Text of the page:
On top of that, these jobs pay $15 per hour in the U.S., and Amazon is boosting that to $17 through at least the end of April. That's more than twice the federal minimum wage of $7.25 per hour. The $2 pay raise in the U.S., and similar amounts elsewhere, represents a $350 million additional investment that Amazon is making in its workers in the U.S., Canada, and Europe.
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Amazon AWS launches $20 million initiative to help fight the coronavirus
Amazon is launching a diagnostics development unit through its cloud unit, AWS.
The idea is to back researchers with funds, and help provide technology infrastructure.
The goal is to develop a faster and more affordable test for the coronavirus.
It’s committing an initial $20 million to the initiative.
Christina Farr and Annie Palmer, CNBC
Mar 20 2020
Amazon AWS announced Friday it’s setting aside an initial $20 million to help accelerate research and development of diagnostic solutions. That includes, but won’t be limited to, helping push forward a more accurate, faster coronavirus COVID-19 test.
“One area where we have heard an urgent need is in the research and development of diagnostics, which consist of rapid, accurate detection and testing of COVID-19,” Amazon said. “Better diagnostics will help accelerate treatment and containment, and in time, shorten the course of this epidemic.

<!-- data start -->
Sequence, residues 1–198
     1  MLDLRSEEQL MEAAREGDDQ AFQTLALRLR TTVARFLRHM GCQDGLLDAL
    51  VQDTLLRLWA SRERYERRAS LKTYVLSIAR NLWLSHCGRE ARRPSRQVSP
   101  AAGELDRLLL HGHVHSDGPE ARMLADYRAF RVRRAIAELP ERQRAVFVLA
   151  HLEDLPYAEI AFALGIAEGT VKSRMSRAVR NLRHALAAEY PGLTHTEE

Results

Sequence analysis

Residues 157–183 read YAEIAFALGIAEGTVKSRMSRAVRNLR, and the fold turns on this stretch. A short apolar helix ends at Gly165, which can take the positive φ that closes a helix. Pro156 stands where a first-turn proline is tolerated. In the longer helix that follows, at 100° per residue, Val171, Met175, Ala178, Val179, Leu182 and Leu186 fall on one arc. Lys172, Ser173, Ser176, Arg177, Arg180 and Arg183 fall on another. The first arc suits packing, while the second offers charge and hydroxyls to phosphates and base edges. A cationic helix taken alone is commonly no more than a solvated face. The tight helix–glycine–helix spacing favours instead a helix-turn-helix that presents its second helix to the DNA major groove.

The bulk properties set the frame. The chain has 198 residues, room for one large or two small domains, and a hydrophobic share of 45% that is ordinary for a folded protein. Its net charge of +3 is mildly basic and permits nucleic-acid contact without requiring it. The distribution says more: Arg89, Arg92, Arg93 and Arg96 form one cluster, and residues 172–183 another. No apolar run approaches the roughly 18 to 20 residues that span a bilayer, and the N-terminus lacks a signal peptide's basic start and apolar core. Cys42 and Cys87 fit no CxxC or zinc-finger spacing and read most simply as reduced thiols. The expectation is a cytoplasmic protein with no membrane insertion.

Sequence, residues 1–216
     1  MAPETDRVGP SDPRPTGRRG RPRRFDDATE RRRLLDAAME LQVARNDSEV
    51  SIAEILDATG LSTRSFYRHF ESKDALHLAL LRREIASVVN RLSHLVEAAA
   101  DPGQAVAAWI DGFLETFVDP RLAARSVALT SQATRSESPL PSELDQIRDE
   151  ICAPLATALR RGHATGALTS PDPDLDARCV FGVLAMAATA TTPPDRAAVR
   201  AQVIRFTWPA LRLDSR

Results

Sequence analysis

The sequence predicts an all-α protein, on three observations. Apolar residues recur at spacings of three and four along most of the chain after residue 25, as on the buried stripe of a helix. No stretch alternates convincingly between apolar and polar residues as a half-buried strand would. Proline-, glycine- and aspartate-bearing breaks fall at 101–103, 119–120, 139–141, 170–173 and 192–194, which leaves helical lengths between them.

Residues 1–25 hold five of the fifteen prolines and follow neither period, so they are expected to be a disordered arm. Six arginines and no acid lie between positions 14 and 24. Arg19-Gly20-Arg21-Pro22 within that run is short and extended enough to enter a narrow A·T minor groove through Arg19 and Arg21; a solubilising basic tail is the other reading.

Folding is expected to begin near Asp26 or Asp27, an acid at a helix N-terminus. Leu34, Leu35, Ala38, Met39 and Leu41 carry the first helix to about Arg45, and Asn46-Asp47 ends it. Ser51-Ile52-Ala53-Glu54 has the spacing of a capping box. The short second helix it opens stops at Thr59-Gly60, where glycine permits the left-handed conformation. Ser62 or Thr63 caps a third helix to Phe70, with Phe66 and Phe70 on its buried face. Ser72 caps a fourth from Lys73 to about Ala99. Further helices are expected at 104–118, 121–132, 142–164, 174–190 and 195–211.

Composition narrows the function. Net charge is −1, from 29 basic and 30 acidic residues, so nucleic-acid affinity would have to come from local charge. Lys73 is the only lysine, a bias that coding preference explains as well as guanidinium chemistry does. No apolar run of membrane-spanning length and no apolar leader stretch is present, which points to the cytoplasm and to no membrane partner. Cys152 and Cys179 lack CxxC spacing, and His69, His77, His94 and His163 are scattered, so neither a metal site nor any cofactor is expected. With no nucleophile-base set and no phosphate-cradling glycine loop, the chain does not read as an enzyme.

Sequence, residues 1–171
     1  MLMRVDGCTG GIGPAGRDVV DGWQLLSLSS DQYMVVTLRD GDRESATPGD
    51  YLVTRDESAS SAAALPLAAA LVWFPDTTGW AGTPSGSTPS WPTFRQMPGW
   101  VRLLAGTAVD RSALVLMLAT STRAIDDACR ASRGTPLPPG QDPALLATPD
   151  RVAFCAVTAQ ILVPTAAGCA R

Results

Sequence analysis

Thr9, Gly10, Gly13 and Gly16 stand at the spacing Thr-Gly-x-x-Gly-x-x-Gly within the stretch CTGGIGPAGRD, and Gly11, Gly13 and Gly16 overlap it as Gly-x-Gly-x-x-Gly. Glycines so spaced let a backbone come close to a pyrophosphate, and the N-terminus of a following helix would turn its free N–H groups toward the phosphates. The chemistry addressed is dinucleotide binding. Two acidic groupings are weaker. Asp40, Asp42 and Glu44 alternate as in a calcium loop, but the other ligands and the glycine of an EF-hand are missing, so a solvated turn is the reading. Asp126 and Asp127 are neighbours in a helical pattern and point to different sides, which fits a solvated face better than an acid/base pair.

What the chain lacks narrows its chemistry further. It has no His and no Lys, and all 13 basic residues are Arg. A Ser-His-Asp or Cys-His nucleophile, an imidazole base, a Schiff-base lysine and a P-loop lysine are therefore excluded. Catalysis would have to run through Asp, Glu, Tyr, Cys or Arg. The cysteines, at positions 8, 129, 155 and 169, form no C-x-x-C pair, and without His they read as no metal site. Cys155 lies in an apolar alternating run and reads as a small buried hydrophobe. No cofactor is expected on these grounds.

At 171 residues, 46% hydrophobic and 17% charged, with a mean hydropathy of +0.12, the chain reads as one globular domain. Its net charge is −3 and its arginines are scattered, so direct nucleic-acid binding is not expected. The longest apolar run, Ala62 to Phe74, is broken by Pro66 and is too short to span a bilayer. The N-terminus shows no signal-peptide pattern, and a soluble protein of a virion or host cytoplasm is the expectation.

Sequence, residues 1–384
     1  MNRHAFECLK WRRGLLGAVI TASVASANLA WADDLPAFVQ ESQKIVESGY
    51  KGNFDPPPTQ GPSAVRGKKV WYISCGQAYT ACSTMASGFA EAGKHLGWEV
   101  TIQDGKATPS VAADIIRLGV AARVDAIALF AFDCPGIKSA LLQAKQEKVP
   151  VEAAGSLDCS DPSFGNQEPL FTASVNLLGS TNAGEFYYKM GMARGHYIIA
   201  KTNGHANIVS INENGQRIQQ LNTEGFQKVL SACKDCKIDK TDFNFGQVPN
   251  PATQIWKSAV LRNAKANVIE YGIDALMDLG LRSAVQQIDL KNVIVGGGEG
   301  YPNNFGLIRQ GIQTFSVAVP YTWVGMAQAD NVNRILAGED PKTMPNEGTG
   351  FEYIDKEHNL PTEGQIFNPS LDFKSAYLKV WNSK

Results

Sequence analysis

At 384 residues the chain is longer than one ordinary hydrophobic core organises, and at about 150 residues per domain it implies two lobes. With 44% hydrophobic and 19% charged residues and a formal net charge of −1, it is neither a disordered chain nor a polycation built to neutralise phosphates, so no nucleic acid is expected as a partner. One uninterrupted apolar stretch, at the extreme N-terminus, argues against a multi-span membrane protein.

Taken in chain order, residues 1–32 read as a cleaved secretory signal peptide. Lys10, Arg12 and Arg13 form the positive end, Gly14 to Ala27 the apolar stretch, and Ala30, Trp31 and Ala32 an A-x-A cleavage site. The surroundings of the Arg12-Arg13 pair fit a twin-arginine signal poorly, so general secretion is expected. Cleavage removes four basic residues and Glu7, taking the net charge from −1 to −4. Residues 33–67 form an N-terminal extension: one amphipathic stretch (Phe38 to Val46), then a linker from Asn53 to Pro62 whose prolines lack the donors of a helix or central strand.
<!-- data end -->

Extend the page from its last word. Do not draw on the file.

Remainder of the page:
Amazon specifies that the program, called the AWS Diagnostic Development Initiative, is open to accredited research institutions and private entities that are AWS customers. At launch, the program includes 35 global research institutions, startups and businesses. It’ll also be supported by an outside technical advisory group made up of “leading scientists, global health policy experts, and thought leaders” who specialize in infectious disease diagnostics.
It hopes to focus these resources specifically on AWS customers that are working on point-of-care diagnostics, or testing that can be done at home or at a clinic with same-day results. “Given the need, the emphasis will initially be on COVID-19, but we will also consider other infectious disease diagnostic projects,” Amazon said.
Currently, it can take more than a day for the COVID-19 test result to be returned. In that time, people are left in limbo wondering whether they should self-quarantine. More frequent and accurate testing help public health officials have a better understanding of how pervasive the virus is globally.
As AWS describes it, the development...
Amazon halts grocery orders to restock amid surging demand
Move comes after a surge in orders by shoppers worried about the pandemic
via FOX Business - Mar 19, 2020
Amazon.com Inc said on Thursday it has halted its Prime Pantry delivery service in the United States to restock groceries, following a surge in online orders by shoppers worried about the coronavirus pandemic.
"Amazon Pantry is not accepting new orders at this time while we work to fulfill open orders and restock items following increased demand," a company spokesperson said.
The service, which sells non-perishable groceries from cereals to soaps, has seen huge demand despite consumers thronging supermarkets and grocery stores for everything from toilet papers and canned foods.
Amazon did not say when the service will be back, but…